The diversity of life on Earth raises the question of whether it is possible to have a single theoretical description of the quantitative aspects of the organization of metabolism for all organisms. However, similarities between organisms, such as von Bertalanffy's growth curve and Kleiber's law on metabolic rate, suggest that mechanisms that control the uptake and use of metabolites are common to all organisms. These and other widespread empirical patterns in biology should be the ultimate test for any metabolic theory that hopes for generality. The present study (i) collects empirical evidence on growth, stoichiometry, feeding, respiration and energy dissipation and exhibits it as stylized biological facts; (ii) formalizes assumptions and propositions in a metabolic theory that is fully consistent with the Dynamic Energy Budget theory; and (iii) proves that these assumptions and propositions are consistent with the stylized facts.
In the literature, two main approaches are followed to obtain insights into metabolic phenomena: (i) the study of the complex set of biochemical reactions occurring at different rates and (ii) the study of the organization of metabolism described by the mass and energy flows inside the organisms. We believe that the modelling of the biochemical networks of reactions that are taking place in the organism is useful but will not, by itself, lead to an understanding of life because the set of biochemical reactions occurring in the organism can be species specific and too complex, especially for multicellular organisms. Also, the standard modelling of biochemical networks neglects the spatial structure and the complex transport and allocation processes in the organism.
By contrast, this paper builds on the premise that the mechanisms that are responsible for the organization of metabolism are not species specific (Kooijman 2000). This hope for generality is supported by (i) the universality of physics and evolution and (ii) the existence of widespread biological empirical patterns among organisms.
The road map of this paper is as follows. In §2, the empirical patterns that characterize metabolism are discussed and presented as stylized facts. They are of the utmost importance because any biological non-species-specific metabolic theory should be compatible with these facts. We believe that such a theory has already been developed, the Dynamic Energy Budget (DEB) theory. This theory aims to capture the quantitative aspects of the organization of metabolism at the organism level with implications for the sub- and supra-organismic levels (Kooijman 2000, 2001; Nisbet et al. 2000). In §3, the DEB theory is formalized for its standard model, which considers an isomorphic organism, with one reserve and one structure. This model is assumed to be appropriate for most heterotrophic unicellular organisms and animals. This theory is formalized such that (i) the assumptions are highlighted and separated from the propositions, (ii) the assumptions are supported by the stylized facts or the universal laws and (iii) the importance and validity of the propositions are discussed. Using the DEB theory, the difference between species can be reduced to differences in the set of parameter values. In §4, the DEB theory for the relationship between parameters among different species is formalized. Section 5 presents the links between empirical patterns, assumptions and propositions, and concludes.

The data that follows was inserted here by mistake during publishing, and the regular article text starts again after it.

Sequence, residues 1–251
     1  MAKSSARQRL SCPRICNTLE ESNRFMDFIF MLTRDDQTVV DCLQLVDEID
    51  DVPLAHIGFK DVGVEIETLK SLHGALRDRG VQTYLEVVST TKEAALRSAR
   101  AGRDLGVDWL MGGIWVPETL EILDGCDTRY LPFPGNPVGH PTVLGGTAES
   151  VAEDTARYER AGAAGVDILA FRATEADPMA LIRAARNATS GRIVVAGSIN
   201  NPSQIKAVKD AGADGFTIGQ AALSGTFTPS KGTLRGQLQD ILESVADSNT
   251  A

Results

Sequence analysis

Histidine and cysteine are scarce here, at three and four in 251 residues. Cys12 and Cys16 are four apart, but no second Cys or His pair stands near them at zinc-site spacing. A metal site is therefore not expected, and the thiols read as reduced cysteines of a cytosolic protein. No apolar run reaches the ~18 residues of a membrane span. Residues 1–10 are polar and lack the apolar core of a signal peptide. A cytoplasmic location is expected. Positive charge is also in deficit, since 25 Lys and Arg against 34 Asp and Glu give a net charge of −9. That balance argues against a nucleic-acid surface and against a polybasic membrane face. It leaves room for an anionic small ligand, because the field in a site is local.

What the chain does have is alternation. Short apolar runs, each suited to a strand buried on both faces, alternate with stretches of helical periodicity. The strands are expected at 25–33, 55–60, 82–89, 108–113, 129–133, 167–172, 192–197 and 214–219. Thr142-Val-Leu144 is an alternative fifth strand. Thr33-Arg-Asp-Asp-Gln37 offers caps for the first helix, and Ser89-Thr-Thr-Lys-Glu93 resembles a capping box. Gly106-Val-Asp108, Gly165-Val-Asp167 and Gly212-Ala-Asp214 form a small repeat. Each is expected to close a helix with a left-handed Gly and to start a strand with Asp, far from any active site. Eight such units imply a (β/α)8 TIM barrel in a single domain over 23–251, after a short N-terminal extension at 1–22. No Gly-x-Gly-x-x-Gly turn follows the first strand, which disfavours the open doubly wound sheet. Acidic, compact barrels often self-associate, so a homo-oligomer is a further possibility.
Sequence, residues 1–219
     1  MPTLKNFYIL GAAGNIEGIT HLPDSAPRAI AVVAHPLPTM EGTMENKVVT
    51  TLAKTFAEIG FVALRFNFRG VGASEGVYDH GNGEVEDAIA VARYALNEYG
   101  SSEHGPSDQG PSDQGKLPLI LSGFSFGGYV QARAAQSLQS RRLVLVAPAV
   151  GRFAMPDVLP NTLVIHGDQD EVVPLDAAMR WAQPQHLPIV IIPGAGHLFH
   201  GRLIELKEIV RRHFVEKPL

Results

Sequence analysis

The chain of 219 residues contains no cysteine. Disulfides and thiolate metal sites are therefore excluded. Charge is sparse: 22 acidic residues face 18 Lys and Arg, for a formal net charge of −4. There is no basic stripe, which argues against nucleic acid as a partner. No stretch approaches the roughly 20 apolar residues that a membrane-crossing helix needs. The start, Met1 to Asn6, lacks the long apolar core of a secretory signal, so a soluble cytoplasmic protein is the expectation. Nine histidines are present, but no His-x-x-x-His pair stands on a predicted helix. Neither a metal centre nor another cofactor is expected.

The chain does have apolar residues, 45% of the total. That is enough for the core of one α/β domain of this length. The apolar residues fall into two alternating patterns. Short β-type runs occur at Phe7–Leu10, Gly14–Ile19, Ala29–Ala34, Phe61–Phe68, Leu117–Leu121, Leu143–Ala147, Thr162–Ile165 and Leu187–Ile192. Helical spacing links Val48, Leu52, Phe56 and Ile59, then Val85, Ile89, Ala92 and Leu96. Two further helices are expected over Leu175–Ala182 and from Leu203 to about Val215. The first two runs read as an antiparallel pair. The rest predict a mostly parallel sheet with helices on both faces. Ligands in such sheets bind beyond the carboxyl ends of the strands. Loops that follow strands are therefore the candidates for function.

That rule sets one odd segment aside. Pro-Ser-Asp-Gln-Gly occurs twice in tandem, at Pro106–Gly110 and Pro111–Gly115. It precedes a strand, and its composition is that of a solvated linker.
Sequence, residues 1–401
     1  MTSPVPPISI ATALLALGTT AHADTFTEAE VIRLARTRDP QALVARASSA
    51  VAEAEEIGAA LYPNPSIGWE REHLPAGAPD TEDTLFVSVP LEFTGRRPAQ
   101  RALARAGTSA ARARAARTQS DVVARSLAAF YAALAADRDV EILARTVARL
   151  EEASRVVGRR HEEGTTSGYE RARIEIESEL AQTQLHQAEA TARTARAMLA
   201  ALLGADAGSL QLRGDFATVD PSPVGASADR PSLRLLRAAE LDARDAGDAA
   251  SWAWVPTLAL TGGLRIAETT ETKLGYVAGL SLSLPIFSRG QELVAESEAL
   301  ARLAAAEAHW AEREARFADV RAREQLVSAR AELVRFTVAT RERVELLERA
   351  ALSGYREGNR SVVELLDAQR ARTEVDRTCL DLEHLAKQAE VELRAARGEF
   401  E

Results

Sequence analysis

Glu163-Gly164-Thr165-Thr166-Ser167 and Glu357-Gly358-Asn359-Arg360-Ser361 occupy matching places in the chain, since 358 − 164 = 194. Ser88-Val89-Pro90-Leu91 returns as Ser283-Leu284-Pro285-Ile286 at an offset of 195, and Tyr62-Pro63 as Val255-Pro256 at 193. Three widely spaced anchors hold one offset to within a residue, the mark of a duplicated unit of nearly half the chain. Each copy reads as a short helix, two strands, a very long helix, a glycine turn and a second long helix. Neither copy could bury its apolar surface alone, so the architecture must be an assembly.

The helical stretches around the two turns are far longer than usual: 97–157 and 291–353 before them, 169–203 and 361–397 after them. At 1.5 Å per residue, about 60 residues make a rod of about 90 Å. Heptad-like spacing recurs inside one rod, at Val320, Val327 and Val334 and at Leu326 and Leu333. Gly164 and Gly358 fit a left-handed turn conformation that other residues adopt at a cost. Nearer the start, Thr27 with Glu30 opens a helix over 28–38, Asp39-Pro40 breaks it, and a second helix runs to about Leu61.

2. Empirical patterns
In this section, we summarize the stylized empirical patterns essential for a theoretical description of metabolic organization in biology (tables 1 and 2). They are related to (i) the metabolic processes common to all organisms, namely feeding, growth, reproduction, maturation and maintenance; (ii) the life stages, i.e. embryo, juvenile and adult; and (iii) the stoichiometry of organisms.
These patterns apply to most organisms in many (not all) circumstances. In particular, the behaviour of organisms deviates from the empirical patterns presented here. Some of these deviations are well understood and can be captured by the extensions of the present theory (Kooijman 2000).
The theory that describes the metabolism of organisms should also be compatible with physics and evolution. The physical principles considered here are: (P1) mass and energy are conserved quantities; (P2) any energy conversion process leads to dissipation; (P3) mass and energy flows depend only on intensive properties; and (P4) mass and energy transport are proportional to surface areas because they occur across surfaces.
The evolutionary principles taken into account are: (P5) organisms have increased their control over their metabolism during evolution allowing for some adaptation to environmental changes in short periods and (P6) organisms inherit parents' characteristics in a sloppy way allowing for some adaptation to environmental changes across generations.
3. Theory on metabolic organization
The standard DEB model considers an isomorphic organism, i.e. an organism whose surface area is proportional to volume raised to the power 2/3, with one reserve and one structure. Figure 1 shows the standard DEB model, and tables 3–5 summarize the notation.